Our Heroes: Shana Miller of Tag-a-Giant

When she was in college, Shana Miller spent a summer on Martha’s Vineyard fishing for her dinner because she didn’t have enough money to buy food for herself. A lack of food security created in her a greater appreciation of the ocean environment, eventually leading this would-be primate scientist to build a career around saving one of the ocean’s top predators, bluefin tuna, which are in danger of being overfished.

Miller is director of the Tag-a-Giant program, a one-woman organization with the mission of "reversing the decline of northern bluefin tuna populations by supporting the scientific research necessary to develop innovative and effective policy and conservation initiatives." Tag-a-Giant has collected electronic tagging data for the last 15 years. Miller runs the program out of her home on Long Island, NY and her ecosystem of research extends to a school of scientists in oceans all around the planet.

Bluefin tuna have a remarkable biology for a fish. They can live up to 40 years in the western Atlantic. They may not mature until 11 to 15 years old. So they are really on par with human maturity.

Miller also advocates for stronger ocean conservation policies and sits on several advisory panels to the U.S. Government about bluefin tuna management. Needless to say, she has a full plate. We took some time to talk about the tuna, her life and what questions to ask the next time you order sushi.

Below, a taste of our conversation. You can listen to the whole interview by clicking on the audio player to the right, or subscribe to the GRACE podcast for more Hero interviews. 

Tell me about the Tag-A-Giant program. What is your mission?

Tag-A-Giant is a group that does primarily research on bluefin tuna both in the Atlantic and Pacific. Bluefin tuna are one of the largest fish in the sea and they undertake great migrations across ocean basins; they get up to being 1500 pounds, so as big as a Volkswagen, a true giant fish. And so we research them and then we take our research data, our results, and we try to get those results incorporated into management and conservation of the fish.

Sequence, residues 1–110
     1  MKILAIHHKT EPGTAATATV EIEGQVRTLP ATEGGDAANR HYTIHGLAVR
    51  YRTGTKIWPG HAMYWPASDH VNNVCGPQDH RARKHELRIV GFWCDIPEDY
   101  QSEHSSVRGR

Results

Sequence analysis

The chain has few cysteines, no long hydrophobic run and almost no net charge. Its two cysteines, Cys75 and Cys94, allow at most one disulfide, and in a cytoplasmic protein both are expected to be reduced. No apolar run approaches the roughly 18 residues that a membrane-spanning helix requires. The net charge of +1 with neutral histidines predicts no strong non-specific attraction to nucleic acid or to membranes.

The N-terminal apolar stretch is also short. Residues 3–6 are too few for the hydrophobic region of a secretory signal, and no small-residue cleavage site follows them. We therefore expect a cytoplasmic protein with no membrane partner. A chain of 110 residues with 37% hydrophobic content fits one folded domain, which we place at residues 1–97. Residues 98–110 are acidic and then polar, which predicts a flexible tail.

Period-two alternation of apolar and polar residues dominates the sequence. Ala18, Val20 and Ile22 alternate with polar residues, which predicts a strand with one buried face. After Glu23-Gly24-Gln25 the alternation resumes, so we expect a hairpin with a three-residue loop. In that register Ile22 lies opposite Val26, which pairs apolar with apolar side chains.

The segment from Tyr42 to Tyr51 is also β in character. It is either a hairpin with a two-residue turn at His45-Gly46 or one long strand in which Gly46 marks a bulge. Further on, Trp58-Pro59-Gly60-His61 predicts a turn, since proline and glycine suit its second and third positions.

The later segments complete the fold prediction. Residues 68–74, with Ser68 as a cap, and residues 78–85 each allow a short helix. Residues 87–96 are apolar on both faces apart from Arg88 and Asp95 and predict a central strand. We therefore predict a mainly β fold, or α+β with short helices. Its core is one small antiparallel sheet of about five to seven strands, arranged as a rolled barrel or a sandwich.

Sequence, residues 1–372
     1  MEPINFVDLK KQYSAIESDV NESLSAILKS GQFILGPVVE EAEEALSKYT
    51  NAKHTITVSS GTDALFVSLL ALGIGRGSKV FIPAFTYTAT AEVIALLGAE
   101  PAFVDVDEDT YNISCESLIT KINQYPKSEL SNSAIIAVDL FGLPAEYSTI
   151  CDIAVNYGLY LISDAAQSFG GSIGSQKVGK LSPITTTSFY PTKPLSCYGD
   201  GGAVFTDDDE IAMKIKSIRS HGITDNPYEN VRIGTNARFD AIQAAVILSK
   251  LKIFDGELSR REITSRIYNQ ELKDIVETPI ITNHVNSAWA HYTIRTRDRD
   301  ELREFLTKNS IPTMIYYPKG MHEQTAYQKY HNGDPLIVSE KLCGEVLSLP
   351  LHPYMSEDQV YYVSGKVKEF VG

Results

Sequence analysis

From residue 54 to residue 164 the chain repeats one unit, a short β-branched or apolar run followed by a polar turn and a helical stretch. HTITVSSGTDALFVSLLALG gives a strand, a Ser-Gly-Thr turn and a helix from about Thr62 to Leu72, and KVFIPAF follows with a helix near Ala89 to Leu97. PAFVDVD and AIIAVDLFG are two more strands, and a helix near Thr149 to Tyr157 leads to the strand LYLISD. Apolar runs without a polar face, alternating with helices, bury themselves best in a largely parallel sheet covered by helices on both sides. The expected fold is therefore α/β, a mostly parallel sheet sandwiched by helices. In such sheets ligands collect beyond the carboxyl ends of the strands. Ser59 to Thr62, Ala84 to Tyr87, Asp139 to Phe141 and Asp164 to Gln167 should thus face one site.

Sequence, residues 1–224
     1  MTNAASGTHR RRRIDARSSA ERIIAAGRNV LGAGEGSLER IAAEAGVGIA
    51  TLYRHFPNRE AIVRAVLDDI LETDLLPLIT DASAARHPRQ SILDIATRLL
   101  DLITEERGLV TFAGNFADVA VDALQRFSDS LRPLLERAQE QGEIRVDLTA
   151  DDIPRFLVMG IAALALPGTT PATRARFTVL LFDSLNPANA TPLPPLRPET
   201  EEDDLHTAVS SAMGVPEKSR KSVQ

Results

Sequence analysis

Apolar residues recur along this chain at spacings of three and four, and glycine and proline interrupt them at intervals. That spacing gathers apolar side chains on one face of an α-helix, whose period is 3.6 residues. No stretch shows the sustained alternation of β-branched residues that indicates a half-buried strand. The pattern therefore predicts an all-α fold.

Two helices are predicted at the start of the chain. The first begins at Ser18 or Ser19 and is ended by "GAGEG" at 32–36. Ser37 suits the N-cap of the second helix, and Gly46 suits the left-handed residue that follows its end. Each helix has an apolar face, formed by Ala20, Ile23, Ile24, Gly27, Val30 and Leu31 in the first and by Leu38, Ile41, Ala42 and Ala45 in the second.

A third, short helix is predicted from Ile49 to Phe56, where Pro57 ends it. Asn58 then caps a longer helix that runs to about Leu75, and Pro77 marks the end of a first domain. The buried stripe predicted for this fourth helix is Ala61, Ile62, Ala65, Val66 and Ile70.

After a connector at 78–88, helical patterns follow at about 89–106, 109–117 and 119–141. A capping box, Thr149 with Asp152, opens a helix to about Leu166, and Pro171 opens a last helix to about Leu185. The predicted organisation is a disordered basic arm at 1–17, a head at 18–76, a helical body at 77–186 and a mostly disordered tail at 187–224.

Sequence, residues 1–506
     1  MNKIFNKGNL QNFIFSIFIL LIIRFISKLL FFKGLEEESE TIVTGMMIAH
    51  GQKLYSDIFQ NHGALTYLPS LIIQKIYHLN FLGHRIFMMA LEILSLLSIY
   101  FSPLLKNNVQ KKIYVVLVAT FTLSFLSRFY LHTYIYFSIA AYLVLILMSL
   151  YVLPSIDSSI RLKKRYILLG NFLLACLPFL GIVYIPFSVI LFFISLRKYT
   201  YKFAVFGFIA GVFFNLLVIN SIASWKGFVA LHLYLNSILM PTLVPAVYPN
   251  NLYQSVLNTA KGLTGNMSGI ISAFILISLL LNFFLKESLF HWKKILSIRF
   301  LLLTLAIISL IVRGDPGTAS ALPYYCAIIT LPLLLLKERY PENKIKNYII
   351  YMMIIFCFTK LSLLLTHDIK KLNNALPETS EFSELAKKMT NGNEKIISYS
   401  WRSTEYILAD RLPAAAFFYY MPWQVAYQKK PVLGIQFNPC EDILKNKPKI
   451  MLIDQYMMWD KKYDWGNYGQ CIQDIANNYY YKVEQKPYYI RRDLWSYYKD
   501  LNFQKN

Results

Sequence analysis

Tell me about blue fin. You've told me before that they live to be 40 years old, which is amazing.

Yes, bluefin tuna are remarkable, have a remarkable biology for a fish. They can live up to 40 years in the Atlantic, in the western Atlantic. They may not mature until 11 to 15 years old. So they are really on par with human maturity. They are warm-bodied, in that they can maintain their body temperature up to 22 degrees Celsius above the water temperature. So they really have a unique biology that unfortunately makes them susceptible to overfishing. But they can spawn up to 10 million eggs in a single year, so they have the potential to recover very quickly if given the opportunity.

So why are bluefin so important? I know they are at the top of the food chain, but how are they important overall, in terms of ocean ecosystems?

They are, of course, like you said, a top predator. There are very few animals that prey upon them. White sharks and Orcas, killer whales, are really the only fish that will eat an adult bluefin tuna. So of course their position in the food chain is important. They also have a long history of being a part of human civilization. Homer wrote about them in The Odyssey. Salvador Dali, more recently, painted them. They are on ancient Roman—featured in ancient Roman works, featured on Roman coins, so they are also part of the human ecosystem. But otherwise, as far as the ocean ecosystem, really their contribution as a top predator is vital.

Did you always want to do marine stuff? Or how did you transition into this?

No, actually my focus was primates, primatology, monkeys, chimpanzees, in undergrad. And then I started fishing one summer in Martha’s Vineyard because I didn’t have enough money to buy food for myself so I had to catch my own food, and then really was captivated by the ocean environment. And of course, there're many fewer people passionate about bluefin tuna as compared to a chimpanzee. So that’s when I made the switch and the electronic tagging research that Dr. Block does is really second to none, and just hooked me. No pun intended.